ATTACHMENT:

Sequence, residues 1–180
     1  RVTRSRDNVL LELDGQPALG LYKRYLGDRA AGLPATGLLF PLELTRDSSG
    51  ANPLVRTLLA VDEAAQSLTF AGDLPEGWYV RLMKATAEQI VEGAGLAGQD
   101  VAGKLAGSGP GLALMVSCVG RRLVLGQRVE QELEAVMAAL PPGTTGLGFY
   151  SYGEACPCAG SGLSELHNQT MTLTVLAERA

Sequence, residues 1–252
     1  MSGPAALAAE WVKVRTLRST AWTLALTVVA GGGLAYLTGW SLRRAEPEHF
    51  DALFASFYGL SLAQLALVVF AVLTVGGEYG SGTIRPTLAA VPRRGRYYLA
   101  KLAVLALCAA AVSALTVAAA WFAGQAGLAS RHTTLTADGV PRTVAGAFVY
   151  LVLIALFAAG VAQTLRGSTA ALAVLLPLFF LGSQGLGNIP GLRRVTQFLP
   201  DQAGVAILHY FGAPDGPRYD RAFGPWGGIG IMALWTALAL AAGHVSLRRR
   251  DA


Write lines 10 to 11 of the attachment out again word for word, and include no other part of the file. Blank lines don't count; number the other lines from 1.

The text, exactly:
   151  LVLIALFAAG VAQTLRGSTA ALAVLLPLFF LGSQGLGNIP GLRRVTQFLP
   201  DQAGVAILHY FGAPDGPRYD RAFGPWGGIG IMALWTALAL AAGHVSLRRR